by Fa-Hien | A.D. 399-414 | 51,094 words
Being an Account by the Chinese Monk Fa-Hien of his Travels in India and Ceylon (A.D. 399-414) in Search of the Buddhist Books of Discipline. Translated and annotated with a Corean recension of the Chinese text by James Legge...
South from this 200 yojanas, there is a country named Dakshina, where there is a monastery (dedicated to) the bygone Kasyapa Buddha, and which has been hewn out from a large hill of rock. It consists in all of five storeys;—the lowest, having the form of an elephant, with 500 apartments in the rock; the second, having the form of a lion, with 400 apartments; the third, having the form of a horse, with 300 apartments; the fourth, having the form of an ox, with 200 apartments; and the fifth, having the form of a pigeon, with 100 apartments. At the very top there is a spring, the water of which, always in front of the apartments in the rock, goes round among the rooms, now circling, now curving, till in this way it arrives at the lowest storey, having followed the shape of the structure, and flows out there at the door. Everywhere in the apartments of the monks, the rock has been pierced so as to form windows for the admission of light, so that they are all bright, without any being left in darkness. At the four corners of the (tiers of) apartments, the rock has been hewn so as to form steps for ascending to the top (of each). The men of the present day, being of small size, and going up step by step, manage to get to the top; but in a former age, they did so at one step. Because of this, the monastery is called Paravata, that being the Indian name for a pigeon. There are always Arhats residing in it.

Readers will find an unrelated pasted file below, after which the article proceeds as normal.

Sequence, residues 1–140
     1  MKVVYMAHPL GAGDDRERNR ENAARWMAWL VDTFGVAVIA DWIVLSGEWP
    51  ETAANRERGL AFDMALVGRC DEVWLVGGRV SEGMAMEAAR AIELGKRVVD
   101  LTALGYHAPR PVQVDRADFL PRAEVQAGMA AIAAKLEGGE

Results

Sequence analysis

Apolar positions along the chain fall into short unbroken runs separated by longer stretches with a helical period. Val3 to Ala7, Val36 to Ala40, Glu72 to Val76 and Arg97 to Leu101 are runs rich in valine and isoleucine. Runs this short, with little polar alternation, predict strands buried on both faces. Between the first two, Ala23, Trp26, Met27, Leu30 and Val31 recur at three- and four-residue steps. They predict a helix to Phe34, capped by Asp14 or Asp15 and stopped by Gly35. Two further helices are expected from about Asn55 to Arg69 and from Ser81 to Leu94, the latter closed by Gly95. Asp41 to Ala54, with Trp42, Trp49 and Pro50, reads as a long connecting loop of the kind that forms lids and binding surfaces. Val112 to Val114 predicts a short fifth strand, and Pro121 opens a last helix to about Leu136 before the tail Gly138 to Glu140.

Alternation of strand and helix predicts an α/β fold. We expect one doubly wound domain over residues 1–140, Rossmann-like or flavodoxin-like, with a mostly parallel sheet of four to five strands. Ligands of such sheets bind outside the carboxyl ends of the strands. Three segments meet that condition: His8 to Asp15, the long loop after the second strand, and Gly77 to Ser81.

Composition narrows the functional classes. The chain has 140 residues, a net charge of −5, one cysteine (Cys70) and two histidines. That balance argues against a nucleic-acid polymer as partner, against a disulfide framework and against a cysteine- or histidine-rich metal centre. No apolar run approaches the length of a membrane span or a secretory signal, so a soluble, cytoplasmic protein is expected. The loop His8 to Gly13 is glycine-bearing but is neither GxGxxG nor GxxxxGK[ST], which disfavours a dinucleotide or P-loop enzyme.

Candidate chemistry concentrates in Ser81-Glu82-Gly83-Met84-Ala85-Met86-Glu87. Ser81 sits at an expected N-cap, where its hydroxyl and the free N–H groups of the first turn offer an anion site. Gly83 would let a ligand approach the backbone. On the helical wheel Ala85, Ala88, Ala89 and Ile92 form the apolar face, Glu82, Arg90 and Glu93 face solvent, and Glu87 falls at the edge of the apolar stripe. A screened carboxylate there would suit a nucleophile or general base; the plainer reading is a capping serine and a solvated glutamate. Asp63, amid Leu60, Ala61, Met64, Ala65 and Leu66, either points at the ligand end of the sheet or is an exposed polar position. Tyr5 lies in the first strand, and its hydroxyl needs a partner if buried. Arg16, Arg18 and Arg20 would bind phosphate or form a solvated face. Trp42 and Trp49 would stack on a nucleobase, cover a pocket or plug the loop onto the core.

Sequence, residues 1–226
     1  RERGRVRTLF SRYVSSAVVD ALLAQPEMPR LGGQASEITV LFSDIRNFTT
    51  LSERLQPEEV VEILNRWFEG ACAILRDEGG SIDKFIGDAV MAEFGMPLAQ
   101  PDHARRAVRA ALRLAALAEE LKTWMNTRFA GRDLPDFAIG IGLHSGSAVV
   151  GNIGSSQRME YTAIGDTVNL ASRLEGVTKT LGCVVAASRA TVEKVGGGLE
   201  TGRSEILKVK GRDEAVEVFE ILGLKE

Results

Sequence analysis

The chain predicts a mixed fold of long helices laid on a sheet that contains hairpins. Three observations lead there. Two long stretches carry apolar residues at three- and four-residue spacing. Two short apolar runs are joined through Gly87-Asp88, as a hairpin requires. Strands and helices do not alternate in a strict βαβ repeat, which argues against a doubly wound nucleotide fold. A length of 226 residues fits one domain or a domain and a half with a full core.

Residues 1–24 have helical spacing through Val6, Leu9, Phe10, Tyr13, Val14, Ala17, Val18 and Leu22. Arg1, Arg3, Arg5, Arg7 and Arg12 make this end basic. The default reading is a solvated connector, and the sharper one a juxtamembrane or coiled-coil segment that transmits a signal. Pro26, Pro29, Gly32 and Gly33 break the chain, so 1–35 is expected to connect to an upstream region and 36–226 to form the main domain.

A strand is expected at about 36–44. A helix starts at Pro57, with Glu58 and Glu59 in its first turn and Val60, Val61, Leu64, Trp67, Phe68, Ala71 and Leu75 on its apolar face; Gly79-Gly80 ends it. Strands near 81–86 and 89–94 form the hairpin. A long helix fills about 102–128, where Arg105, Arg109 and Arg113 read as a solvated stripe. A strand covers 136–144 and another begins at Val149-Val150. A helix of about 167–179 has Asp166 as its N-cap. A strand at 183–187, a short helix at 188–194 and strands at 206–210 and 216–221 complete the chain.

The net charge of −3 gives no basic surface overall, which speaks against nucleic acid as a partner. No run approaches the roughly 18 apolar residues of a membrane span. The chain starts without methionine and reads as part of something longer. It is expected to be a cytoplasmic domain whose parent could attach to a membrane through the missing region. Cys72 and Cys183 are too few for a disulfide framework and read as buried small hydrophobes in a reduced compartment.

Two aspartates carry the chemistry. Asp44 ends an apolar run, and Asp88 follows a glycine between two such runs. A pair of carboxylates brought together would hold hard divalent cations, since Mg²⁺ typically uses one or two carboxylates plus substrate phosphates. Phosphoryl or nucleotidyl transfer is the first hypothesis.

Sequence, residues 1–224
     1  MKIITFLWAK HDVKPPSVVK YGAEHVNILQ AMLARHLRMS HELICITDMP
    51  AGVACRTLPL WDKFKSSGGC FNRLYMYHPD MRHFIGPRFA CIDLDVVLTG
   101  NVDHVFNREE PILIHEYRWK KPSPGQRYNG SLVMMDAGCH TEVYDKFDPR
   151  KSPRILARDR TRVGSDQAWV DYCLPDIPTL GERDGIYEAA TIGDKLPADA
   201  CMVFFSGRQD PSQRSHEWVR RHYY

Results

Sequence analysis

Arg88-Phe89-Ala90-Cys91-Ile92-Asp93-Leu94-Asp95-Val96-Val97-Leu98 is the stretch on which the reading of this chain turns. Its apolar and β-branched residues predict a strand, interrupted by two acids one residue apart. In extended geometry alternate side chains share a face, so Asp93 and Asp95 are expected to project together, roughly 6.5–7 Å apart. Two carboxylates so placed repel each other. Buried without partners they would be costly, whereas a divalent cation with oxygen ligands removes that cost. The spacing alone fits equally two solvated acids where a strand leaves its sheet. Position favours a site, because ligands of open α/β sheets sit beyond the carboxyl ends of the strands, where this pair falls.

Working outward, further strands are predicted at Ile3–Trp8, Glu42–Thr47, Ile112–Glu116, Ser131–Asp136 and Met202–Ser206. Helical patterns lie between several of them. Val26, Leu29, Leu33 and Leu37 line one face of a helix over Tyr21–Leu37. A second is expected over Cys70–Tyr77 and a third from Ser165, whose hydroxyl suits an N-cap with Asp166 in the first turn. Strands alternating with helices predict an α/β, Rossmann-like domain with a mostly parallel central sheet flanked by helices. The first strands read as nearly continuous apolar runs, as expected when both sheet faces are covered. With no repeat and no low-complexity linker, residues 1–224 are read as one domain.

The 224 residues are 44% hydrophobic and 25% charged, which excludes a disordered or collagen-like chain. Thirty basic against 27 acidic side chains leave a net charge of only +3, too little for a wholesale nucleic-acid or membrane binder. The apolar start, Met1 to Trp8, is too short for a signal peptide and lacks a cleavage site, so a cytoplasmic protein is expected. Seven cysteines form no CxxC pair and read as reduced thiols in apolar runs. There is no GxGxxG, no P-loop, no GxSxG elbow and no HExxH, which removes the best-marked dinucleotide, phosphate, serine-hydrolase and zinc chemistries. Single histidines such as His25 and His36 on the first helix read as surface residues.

The country about is (a tract of) uncultivated hillocks, without inhabitants. At a very long distance from the hill there are villages, where the people all have bad and erroneous views, and do not know the Sramanas of the Law of Buddha, Brahmanas, or (devotees of) any of the other and different schools. The people of that country are constantly seeing men on the wing, who come and enter this monastery. On one occasion, when devotees of various countries came to perform their worship at it, the people of those villages said to them, “Why do you not fly? The devotees whom we have seen hereabouts all fly;” and the strangers answered, on the spur of the moment, “Our wings are not yet fully formed.”
The kingdom of Dakshina is out of the way, and perilous to traverse. There are difficulties in connexion with the roads; but those who know how to manage such difficulties and wish to proceed should bring with them money and various articles, and give them to the king. He will then send men to escort them. These will (at different stages) pass them over to others, who will show them the shortest routes. Fa-hien, however, was after all unable to go there; but having received the (above) accounts from men of the country, he has narrated them.
Footnotes and references:
Said to be the ancient name of the Deccan. As to the various marvels in the chapter, it must be borne in mind that our author, as he tells us at the end, only gives them from hearsay. See “Buddhist Records of the Western World,” vol. ii, pp. 214, 215, where the description, however, is very different.
Compare the account of Buddha’s great stride of fifteen yojanas in Ceylon, as related in chapter xxxviii.
See the same phrase in the Books of the Later Han dynasty, the twenty-fourth Book of Biographies, p. 9b.